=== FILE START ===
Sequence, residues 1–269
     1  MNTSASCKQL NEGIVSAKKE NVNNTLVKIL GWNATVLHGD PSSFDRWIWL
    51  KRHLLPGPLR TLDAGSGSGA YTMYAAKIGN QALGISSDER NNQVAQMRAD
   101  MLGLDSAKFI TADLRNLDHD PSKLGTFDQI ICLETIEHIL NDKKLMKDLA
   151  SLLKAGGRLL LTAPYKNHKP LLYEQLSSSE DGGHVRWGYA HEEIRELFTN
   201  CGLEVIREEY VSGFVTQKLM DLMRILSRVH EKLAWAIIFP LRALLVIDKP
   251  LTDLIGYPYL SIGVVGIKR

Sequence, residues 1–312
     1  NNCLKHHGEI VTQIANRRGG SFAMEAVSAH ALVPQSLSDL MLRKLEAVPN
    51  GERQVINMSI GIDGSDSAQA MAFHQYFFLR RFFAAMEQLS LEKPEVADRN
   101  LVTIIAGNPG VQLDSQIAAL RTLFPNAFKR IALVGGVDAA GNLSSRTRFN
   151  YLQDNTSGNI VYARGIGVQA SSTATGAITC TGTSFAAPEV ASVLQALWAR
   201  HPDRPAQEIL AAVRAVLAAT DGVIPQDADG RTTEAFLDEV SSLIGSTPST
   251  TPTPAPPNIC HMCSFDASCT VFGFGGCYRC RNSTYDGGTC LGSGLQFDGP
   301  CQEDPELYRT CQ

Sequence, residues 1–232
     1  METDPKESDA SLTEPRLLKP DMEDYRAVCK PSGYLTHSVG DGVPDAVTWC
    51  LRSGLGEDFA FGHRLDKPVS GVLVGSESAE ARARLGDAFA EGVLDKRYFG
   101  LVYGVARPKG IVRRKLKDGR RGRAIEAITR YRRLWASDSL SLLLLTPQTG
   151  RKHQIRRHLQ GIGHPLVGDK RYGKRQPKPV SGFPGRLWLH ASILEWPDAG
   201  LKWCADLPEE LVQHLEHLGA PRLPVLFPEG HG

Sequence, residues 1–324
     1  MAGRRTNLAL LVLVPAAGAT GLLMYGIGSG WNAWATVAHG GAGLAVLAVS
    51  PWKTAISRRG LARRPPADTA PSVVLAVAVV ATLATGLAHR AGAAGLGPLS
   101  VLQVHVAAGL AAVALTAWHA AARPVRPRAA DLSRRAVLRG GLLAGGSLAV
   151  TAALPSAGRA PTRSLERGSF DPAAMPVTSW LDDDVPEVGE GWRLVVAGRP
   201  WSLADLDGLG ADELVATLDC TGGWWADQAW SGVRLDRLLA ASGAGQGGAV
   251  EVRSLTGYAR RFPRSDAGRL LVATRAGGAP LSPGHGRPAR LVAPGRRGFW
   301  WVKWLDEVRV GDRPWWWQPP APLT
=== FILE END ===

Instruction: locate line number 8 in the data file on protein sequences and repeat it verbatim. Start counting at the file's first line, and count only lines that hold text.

Sequence, residues 1–312